The Citizen.vc letter provides some guidance but deal platforms are still inconsistent in how they handle investor accreditation



A couple of weeks ago, there was some notable regulatory activity in the area of marketing private placement deals online. On August 6, the SEC responded to an incoming letter seeking no-action relief from Citizen.vc, Inc. Citizen.vc is an online venture capital platform, similar to OurCrowd or FundersClub.

As a quick refresher, recall that private placements conducted under Rule 506(b) of Regulation D may not be marketed as a “general solicitation.” Generally speaking, an issuer may only offer securities to persons with whom they or their broker have a “substantive pre-existing relationship.”

The no-action letter issued by the SEC to Citizen.vc provides some helpful guidance on qualifying investors and what constitutes a pre-existing substantive relationship for purposes of determining if there has been a general solicitation in violation of Rule 506(b). Here’s the link:

http://www.sec.gov/divisions/corpfin/cf-noaction/2015/citizen-vc-inc-080615-502.htm

The SEC coordinated the issuance of the Citizen.vc letter with the release of Compliance and Disclosure Interpretations (C&DI’s) that are very relevant to private placement offerings listed on websites, and specifically, clarifying what constitutes a pre-existing substantive relationship between an issuer (or someone acting on their behalf) and an investor for purposes of determining whether the issuer has conducted a public offering. The timing of the C&DI’s suggests the SEC clearly intended to provide the market with additional clarity about various practices now taking place on online deal portals. (If you’d like me to send you the relevant C&DI’s, just email me.) From what we understand, the staff at the SEC has been increasingly concerned about suspect practices it has observed in the industry.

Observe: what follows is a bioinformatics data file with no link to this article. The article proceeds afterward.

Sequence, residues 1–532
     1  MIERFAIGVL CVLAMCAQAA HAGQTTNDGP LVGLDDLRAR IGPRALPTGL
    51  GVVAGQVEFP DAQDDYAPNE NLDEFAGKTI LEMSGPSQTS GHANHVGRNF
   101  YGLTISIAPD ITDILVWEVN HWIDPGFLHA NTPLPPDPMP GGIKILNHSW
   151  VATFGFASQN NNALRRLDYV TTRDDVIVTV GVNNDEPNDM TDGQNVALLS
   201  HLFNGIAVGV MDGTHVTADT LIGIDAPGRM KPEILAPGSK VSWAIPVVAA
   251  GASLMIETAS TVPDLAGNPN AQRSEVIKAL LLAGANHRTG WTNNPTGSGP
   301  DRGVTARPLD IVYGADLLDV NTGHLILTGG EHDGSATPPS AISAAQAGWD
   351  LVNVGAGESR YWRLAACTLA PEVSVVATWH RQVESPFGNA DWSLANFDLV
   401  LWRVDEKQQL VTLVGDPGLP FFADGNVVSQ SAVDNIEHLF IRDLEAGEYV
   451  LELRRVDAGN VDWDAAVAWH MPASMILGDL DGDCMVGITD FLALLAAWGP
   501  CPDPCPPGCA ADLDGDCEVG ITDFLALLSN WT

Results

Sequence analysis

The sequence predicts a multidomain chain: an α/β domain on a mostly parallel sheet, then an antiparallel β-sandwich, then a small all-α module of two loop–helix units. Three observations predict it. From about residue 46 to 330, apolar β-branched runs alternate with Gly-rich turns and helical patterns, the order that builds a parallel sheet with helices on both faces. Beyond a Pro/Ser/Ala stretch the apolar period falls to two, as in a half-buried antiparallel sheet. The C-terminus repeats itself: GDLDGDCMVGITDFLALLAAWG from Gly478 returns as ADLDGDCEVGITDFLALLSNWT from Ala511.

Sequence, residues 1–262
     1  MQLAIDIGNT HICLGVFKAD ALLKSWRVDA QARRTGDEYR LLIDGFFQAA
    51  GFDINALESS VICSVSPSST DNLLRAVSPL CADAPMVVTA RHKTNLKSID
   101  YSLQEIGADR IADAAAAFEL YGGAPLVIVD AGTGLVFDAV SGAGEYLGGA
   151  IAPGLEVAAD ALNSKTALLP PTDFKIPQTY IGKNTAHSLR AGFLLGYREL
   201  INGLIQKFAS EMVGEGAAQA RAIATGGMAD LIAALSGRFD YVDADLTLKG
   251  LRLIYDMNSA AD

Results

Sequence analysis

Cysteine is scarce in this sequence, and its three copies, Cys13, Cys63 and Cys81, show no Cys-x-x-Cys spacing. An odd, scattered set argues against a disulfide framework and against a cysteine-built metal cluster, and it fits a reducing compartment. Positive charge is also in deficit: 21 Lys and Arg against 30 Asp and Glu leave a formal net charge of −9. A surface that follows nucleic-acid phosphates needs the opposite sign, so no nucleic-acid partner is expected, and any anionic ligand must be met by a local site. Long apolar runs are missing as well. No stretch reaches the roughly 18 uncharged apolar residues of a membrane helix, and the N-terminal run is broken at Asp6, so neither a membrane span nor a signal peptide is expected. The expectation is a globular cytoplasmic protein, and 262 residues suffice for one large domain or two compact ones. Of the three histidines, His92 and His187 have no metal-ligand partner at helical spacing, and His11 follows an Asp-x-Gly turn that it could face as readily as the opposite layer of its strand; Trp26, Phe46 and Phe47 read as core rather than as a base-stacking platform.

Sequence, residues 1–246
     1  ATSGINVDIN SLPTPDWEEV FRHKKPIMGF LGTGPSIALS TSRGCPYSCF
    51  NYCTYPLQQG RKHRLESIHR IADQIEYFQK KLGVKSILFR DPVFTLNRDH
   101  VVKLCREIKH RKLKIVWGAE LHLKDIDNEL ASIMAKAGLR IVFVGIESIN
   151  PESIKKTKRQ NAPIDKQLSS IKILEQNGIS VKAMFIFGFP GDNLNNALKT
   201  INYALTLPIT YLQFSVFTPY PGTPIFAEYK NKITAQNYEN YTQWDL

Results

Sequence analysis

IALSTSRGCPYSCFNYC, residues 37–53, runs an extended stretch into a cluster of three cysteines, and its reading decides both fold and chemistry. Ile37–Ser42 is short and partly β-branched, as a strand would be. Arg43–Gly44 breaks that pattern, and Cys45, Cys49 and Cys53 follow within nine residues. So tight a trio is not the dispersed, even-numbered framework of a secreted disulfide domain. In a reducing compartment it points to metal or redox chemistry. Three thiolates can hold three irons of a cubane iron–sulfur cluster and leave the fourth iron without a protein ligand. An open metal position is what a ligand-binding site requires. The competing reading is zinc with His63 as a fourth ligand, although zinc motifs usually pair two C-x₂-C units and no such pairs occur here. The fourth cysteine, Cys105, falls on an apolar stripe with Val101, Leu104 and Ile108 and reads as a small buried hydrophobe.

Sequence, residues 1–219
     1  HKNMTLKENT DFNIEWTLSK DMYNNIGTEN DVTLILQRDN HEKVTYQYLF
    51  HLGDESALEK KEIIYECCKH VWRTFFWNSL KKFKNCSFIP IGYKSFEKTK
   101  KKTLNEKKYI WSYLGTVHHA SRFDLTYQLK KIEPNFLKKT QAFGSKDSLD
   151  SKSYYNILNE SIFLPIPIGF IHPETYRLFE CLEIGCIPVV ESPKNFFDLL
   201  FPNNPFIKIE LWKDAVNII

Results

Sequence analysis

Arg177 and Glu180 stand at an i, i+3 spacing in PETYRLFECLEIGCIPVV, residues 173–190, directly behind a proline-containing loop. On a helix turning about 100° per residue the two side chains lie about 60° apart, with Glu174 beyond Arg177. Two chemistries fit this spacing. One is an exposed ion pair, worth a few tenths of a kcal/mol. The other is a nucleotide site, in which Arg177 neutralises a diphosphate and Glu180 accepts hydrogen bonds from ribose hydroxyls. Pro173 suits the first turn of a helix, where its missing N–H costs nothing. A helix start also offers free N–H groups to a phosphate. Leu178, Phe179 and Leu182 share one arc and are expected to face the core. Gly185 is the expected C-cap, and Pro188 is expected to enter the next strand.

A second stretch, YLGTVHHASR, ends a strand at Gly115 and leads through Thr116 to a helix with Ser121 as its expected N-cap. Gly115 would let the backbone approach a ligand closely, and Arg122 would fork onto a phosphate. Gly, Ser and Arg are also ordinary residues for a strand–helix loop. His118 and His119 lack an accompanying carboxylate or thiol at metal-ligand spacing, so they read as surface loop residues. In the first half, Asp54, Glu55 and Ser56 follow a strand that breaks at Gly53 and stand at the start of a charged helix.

We’ve noticed very little consistency in how deal portals verify the accreditation status of investors and create this pre-existing substantive relationship. Some websites use only a check-the-box-hey-trust-me-I’m-accredited method while others use an extended investor questionnaire to determine the sophistication of the investor. On Monday I even received an email from Venovate that asked me which method I prefer to verify my status: Income verification filed with the IRS, a letter from my accountant, or a bank statement showing net worth over $1 million.

In many cases in reviewing the registration process of dozens of active deal portals we track at Dealflow.com, there’s at least a question about whether the portal has established a substantive pre-existing relationship with new investor sign-ups as the SEC defines it under Citizen.vc and the related CD&I’s.

Some of this can be blamed on previous lack of clarity, however, even when there was clarity (for example, the 30-day waiting period provided under the Lamp Technologies no-action letter), not all online portals followed the guidance. At the extreme I’ve been able to visit a portal for the first time and wire my money minutes later – with no “relationship” at all.

The Citizen.vc letter actually throws that 30-day standard right out the window in favor of a facts-and-circumstances approach. To wit (from the SEC’s letter): “We also agree that there is no specific duration of time or particular short from accreditation questionnaire that can be relied upon solely to create such a relationship. Whether an issuer has sufficient information to evaluate, and does in fact evaluate, a prospective offeree’s financial circumstances and sophistication will depend on the facts and circumstances.”

We talked with Dan DeWolf, partner at Mintz Levin who represented Citizen.vc. DeWolf feels that the SEC’s letter along with the CD&I’s provide more clarity in an area of online deal marketing that’s in need of better compliance. We agree with Dan. The issue of how to establish a legally meaningful relationship with an investor — whether you’re a broker-dealer, a registered investment advisor, or a deal portal — is critical to giving issuers more confidence to market deals online without worrying about blowing their Reg D exemption. There’s an obvious need for better compliance in this area.

Our sense is that it’ll take a few weeks, maybe even a few months, but in time, we’ll start seeing more consistency across deal portals in how they verify accredited status and develop a real relationship with their investors.

Steven Dresner
steven.dresner@dealflow.com

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